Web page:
Biden focused much of his first foreign trip as president on a push to confront China. Meeting with the leaders of Group of Seven democracies and with members of the E.U. and NATO in June, Biden sought to rally those alliances to take on China's behavior.

China is also mentioned specifically in Biden's original campaign document pledging to hold the summit, in particular Beijing's efforts to restrict free speech through control of technology and social media.

"Technology companies — which benefit from the fruits of democracy — should make concrete pledges for how they can ensure their algorithms and platforms are not empowering the surveillance state, facilitating repression in China and elsewhere," Biden urged on his campaign website.

Representatives of the private sector will be included in the summit, the White House said.

The event was initially envisioned as a marquee gathering, probably in Washington, where democratically elected leaders would symbolically stand together in defense of free election, free speech and other shared values. Biden has often described his view of foreign affairs as a battle for the future between the world's true democracies and authoritarian regimes.

Even as the pandemic raged in the early months of Biden's presidency, the administration hoped to hold the summit in person sometime in 2021. But with the delta variant now fueling a new infection surge in the United States, and a slow pace of vaccination persisting around the world, the summit has been turned into a virtual event this year, with a plan to invite leaders in person for a second gathering in 2022.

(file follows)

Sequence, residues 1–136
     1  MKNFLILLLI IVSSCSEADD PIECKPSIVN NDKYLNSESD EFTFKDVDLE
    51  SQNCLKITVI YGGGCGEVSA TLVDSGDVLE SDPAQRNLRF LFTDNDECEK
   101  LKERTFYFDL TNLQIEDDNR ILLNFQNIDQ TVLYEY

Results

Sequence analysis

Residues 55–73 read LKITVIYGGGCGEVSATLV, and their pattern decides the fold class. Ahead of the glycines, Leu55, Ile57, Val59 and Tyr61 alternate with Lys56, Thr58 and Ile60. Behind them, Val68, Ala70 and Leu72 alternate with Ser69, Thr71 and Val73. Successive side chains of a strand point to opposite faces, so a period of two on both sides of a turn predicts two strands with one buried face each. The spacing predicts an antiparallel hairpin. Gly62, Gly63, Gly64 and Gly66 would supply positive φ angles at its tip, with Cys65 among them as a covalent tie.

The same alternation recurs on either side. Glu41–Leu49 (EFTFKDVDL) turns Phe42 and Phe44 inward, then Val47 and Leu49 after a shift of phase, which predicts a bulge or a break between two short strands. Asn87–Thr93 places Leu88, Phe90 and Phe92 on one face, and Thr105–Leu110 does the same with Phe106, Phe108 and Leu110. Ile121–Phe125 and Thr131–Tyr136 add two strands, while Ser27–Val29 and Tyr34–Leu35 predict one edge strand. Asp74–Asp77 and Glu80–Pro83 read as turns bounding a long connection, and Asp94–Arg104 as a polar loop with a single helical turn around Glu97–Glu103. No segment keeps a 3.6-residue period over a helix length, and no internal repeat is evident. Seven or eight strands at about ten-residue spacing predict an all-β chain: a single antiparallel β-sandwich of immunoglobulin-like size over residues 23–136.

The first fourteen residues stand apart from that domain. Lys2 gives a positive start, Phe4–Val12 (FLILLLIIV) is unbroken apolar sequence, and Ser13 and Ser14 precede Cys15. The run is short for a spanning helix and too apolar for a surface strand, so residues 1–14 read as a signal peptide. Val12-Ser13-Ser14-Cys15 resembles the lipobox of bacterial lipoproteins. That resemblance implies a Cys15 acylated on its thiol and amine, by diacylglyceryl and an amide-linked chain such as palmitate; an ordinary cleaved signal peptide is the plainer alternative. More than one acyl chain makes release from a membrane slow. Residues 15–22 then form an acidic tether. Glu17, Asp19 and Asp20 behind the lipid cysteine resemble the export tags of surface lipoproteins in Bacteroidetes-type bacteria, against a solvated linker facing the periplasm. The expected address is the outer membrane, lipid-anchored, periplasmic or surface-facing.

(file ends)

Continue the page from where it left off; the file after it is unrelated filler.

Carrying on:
"Both summits will bring together heads of state, civil society, philanthropy, and the private sector," a draft of the White House announcement reads, to "speak honestly about the challenges facing democracy so as to collectively strengthen the foundation for democratic renewal."

On his European trip, which was capped by a summit with Putin, Biden said he wanted to prove that democracies can deliver better results for their people than autocracies, despite the sometimes slow and messy process of reaching compromise.

The president pointed to the success of massive public-private efforts to develop coronavirus vaccines as one example. He touted American largesse in distributing vaccine doses to other nations, although China and Russia had beaten the United States to it.

Biden's mixed record in contending with the pandemic itself arguably stands as a marker of democratic imperfection. Although he presided over a complex, largely successful rollout of effective vaccines, a persistent minority of Americans has adamantly refused to take any of the vaccines, while others have opted out for now.

Biden is unable to mandate universal compliance with public health rules as some other nations have done, and the pandemic response in the United States has become politicized largely along party lines.

"When authoritarian regimes point out our imperfections, I think that misses the point, because we're not claiming perfection," the official said. "The summit is not about perfection. What we're saying is, we don't shrink from scrutiny. We are always trying to use our system to improve ourselves, and because of that, I think it gives democracy a kind of powerful resilience that other systems don't have."